Women safety is the only priority of this biotech startup
Jyoti Singh was a 23-year-old medical student when she was gang raped on a bus in India in 2012 before dying from her injuries, igniting an international firestorm about crimes against women.
Four attackers received the death penalty and the Indian government created fast track courts to hear rape cases. Like many others, India native Poorvi Mathur was left distraught by the story.
“It shook a lot of us in India,” said Ms. Mathur. “I wanted to do something about it.”
What the former Monroeville mother of two young daughters eventually did was help form a biotech startup company that is designing a device intended to make women safer. Ms. Mathur has since moved back to India with her family, while the family weighs plans for a return to the U.S., but the company’s three co-founders all have Pittsburgh-area ties, even though they don’t yet have a corporate office and use borrowed lab space in Oakland to test their hardware.
The early stage company — Hera Global Tech Inc. — takes its name from the wife of Zeus, queen of the ancient Greek gods. It was formed in 2017 and is funded, for now, by family and friends. The total investment so far was not disclosed.
But Hera Global has big funding plans for its formal launch: the company is a finalist in the Anu and Naveen Jain Women’s Safety Xprize, which is sponsored by the Culver City, Calif.-based Xprize Foundation. The winner, which will be announced in June, gets $1 million.
In the meantime, the company is scrambling to develop a wearable, waterproof device — about the size of a matchbook — that can detect danger and alert emergency contacts. The idea is to measure heart rate and other metrics that indicate apprehension, signaling danger.
The device could be worn by anyone, including firefighters and first responders, but women will be the company’s first target market.
Under one of the contest rules, the device can cost no more than $40, which the co-founders believe is achievable.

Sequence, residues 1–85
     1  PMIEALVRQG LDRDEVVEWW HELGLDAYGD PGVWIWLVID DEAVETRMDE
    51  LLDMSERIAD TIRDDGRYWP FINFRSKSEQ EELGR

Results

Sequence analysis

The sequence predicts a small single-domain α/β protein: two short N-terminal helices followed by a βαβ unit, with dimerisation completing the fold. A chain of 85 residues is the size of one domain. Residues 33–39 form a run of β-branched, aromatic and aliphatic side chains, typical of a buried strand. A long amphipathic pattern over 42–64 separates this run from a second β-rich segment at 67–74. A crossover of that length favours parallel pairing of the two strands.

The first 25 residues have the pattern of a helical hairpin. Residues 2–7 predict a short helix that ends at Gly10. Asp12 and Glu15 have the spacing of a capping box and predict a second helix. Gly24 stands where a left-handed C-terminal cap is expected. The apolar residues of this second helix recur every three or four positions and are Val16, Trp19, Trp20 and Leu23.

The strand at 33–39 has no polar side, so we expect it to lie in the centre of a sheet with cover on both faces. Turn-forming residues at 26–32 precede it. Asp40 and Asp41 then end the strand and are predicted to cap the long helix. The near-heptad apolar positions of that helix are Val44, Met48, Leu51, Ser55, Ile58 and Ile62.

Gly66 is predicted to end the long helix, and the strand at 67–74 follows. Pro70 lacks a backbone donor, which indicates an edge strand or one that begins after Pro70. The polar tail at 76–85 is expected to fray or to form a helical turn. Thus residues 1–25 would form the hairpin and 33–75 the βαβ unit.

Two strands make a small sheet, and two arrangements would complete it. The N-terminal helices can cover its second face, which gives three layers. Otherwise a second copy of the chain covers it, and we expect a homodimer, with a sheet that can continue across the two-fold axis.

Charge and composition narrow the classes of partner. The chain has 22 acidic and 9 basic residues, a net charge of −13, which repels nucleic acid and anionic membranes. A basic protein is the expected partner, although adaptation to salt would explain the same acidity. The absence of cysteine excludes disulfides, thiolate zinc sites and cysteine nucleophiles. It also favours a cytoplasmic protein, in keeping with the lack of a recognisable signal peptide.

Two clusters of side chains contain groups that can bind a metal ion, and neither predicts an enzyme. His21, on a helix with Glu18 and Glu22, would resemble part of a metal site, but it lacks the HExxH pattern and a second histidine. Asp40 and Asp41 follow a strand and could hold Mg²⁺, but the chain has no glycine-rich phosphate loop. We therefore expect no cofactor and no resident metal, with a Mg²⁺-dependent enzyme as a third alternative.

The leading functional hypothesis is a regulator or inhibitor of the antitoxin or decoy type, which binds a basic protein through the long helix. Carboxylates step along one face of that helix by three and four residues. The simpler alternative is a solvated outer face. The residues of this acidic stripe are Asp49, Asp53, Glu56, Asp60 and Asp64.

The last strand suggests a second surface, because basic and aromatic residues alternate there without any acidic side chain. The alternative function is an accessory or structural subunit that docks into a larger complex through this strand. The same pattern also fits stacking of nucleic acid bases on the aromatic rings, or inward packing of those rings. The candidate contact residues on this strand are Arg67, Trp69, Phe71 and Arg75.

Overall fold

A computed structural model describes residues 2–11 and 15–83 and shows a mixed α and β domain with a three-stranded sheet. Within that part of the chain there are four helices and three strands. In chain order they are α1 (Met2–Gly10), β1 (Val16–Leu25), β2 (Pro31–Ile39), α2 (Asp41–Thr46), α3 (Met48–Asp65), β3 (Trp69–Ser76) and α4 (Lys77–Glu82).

“I’m not nervous about it,” said Elizabeth LaRue, 46, a Hera Global co-founder and West Virginia native who received a doctorate from the University of Pittsburgh in library science and has years of experience teaching health informatics. “We’re making good steady progress.”
Ms. Mathur, 37, a graduate of the Savannah College of Art and Design, said the device will have global positioning system capability and could be worn on any part of the body. A piece of jewelry or cell phone with the same capability was ruled out because it was too easily removed or lost.
Ms. Mathur first tried out the idea of a wearable biometric stamp with a team of others at a startup event in 2015. Shortly after that, Ms. Mathur met Ms. LaRue through a friend.
Ms. LaRue had developed software that uses a cell phone app to alert emergency contacts when a person with a history of depression begins experiencing early symptoms. It wasn’t long into their first meeting, Ms. LaRue said, when they each had the same insight.
“Hey, this kind of works together,” Ms. LaRue remembers thinking.
Brady Sheehan, 23, a native of Windber in Somerset County, was referred to the two women by a Duquesne University professor, who thought they could use his expertise in machine learning. Mr. Sheehan, a Duquesne graduate with a degree in math and computer science, became a Hera Global co-founder.
“We’re going to help people,” Mr. Sheehan said. “That’s the ultimate goal.”
Ms. Mathur, who worked as a freelance costume designer at the Children’s Museum, said fashion design and a biotech startup is really not that much of a stretch.
“For good design to be good, it has to make sense to the context,” she said. “I believe this product can be used globally. We’re in an interesting space.”
Design issues are still being worked out, but one possibility is a sticky membrane device when watch and jewelry devices dominate the market.
The company faces plenty of challenges, including assuring the reliability of the device and financing for the business. The device will have an accelerometer, which can detect sudden positional changes in the wearer because of a fall or being struck, and data collection continues to mitigate the risk of alerts that are not true emergencies.
The company is entering a market that is heating up, according to a survey last year by International Data Corp., a market advisory company based in Framingham, Mass. Shipments of wearable devices were expected to increase 20.4 percent in 2017 to 125.5 million devices, compared to 104.3 million units in 2016.
Watches, wristbands and ear wear were among the most popular products shipped, IDC said, and women’s security devices were growing in popularity, according to IDC Research Manager Ramon T. Llamas.
“Is the growth still there, absolutely,” Mr. Llamas said. “I’d like to say women safety has come to the forefront in the wearables market.”
Source & Credit @ PITTSBURGH POST-GAZETTE.